Dhaka Central Jail

From Wikipedia, the free encyclopedia
Jump to: navigation, search
Main gate of Dhaka Central Jail, Old Dhaka, Bangladesh

Dhaka Central Jail is the largest jail in Bangladesh, located in the old section of Dhaka, the country's capital. The jail has been used to house criminals as well as political prisoners, especially during the Language Movement of 1952, the 6 Point Movement, and the Bangladesh Liberation War. However, the jail earned infamy after the killings of four political leaders — A. H. M. Qamaruzzaman, Tajuddin Ahmad, Syed Nazrul Islam and Captain Muhammad Mansur Ali — on the eve of a military counter-coup on November 3, 1975 against the regime of president Khondaker Mostaq Ahmad and army chief Ziaur Rahman, which had seized power on August 15 after the assassination of Sheikh Mujibur Rahman. The slain leaders are mourned by many supporters in Bangladesh today, with the date informally known as "Jail killing day."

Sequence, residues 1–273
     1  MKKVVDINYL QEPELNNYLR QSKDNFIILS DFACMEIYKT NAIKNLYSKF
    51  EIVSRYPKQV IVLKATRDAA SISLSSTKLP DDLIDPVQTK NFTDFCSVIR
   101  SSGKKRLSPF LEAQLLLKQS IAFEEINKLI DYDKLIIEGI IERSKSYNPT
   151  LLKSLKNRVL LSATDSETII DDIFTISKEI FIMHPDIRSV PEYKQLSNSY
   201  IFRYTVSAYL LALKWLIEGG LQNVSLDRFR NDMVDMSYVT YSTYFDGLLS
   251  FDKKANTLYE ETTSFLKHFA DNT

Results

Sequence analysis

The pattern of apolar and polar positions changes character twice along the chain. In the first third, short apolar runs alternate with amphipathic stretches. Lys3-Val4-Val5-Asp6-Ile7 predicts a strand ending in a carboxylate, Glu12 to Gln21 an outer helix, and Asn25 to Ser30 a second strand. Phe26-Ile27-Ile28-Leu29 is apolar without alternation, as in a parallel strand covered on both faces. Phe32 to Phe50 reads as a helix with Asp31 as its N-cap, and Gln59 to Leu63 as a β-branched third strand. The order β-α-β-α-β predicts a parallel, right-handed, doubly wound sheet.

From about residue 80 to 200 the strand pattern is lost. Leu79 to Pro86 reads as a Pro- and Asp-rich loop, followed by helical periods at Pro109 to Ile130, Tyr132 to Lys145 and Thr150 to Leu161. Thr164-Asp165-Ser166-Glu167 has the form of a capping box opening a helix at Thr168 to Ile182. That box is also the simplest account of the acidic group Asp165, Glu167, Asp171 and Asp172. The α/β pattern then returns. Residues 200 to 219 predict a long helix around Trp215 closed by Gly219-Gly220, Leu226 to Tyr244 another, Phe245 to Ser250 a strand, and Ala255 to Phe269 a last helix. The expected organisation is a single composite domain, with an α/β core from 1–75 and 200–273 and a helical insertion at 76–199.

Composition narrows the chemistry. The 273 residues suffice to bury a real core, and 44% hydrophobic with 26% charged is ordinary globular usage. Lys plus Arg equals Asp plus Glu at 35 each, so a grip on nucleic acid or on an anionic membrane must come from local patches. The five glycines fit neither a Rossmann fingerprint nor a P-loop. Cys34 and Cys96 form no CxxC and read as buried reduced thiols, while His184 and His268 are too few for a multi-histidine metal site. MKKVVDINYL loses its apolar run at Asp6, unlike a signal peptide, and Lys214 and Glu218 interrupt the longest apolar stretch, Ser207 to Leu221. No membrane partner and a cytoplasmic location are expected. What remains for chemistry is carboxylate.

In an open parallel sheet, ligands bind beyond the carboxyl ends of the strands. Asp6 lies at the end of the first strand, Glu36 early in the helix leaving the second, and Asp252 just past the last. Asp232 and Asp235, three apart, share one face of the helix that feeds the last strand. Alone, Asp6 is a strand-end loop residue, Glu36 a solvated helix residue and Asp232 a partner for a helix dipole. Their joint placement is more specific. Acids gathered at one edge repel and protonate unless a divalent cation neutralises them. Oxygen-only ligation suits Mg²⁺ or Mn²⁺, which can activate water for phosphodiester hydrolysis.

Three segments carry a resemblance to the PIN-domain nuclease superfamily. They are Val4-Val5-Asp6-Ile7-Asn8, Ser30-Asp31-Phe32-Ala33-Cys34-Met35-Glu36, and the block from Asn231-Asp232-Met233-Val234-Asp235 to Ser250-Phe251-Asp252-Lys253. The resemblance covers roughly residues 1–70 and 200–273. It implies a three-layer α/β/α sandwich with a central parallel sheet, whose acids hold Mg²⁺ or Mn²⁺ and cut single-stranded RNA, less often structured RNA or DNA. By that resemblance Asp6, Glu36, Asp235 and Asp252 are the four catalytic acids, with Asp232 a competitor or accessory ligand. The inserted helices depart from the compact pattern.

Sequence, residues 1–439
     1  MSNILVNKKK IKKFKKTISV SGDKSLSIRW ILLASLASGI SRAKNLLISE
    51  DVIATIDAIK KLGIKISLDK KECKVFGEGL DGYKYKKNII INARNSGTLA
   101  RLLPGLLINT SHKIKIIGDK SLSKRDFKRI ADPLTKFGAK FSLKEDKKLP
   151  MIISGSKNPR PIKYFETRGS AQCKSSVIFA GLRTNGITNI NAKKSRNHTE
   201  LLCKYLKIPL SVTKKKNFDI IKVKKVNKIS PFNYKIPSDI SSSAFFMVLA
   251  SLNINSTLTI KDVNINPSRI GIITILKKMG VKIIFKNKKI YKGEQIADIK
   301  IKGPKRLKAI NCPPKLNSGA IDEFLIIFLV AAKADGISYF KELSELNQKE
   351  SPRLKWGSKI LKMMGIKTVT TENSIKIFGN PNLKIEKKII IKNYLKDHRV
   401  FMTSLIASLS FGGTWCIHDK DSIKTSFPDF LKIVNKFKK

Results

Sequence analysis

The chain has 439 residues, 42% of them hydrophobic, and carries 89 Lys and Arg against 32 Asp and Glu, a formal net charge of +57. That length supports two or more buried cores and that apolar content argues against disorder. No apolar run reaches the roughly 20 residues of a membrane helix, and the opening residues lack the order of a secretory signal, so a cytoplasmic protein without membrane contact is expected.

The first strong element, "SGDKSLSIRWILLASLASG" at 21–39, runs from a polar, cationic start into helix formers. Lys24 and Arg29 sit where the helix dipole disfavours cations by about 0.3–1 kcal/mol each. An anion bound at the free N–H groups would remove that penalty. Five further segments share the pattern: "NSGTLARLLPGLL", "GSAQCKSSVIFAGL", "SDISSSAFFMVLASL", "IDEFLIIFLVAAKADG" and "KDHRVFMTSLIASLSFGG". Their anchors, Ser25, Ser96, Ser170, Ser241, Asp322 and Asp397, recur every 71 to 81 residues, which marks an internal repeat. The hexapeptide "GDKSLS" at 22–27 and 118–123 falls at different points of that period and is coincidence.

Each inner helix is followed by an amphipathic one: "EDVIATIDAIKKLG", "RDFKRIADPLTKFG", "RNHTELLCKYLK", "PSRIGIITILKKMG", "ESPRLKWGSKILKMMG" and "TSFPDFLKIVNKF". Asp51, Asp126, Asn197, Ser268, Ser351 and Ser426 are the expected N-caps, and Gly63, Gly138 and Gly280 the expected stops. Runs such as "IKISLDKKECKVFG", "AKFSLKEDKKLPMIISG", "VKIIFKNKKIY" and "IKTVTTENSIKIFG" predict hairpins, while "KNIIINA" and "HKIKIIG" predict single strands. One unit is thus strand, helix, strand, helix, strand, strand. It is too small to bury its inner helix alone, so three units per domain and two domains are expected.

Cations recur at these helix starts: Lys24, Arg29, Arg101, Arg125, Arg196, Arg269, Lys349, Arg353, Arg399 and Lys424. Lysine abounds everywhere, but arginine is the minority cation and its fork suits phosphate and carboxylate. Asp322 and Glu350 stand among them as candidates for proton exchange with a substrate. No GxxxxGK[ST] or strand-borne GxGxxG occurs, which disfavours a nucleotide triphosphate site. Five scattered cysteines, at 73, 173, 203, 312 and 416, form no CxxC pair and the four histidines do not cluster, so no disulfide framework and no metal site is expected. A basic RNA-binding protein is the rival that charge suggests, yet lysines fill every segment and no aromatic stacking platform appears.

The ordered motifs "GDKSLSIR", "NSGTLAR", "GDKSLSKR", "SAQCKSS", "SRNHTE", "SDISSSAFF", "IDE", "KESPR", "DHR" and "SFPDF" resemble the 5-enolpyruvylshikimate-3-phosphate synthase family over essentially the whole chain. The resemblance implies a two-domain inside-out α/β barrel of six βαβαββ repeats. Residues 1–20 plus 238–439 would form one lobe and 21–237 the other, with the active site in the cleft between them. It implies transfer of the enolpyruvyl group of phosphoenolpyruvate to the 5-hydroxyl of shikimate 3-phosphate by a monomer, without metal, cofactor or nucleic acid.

History[edit]

Before British rule, there was a Mughal fort at the site of the current jail. During the early years of the 19th century, the fort was renovated, and converted into a jail. Until 1836, the Kotowali Police station was also co-located here. Records from 1833 show that the capacity of the jail at that time was 800 inmates. However, the jail had an average of 526 inmates every day. The Dhaka jail was converted into the central jail for East Bengal. [1]

References[edit]

  1. ^ Muntasir Mamun, "Dhaka: Smriti Bismritir Nogori", 3rd edition, 4th reprint, Ananya Publishers, Dhaka, ISBN 984-412-104-3 page 89.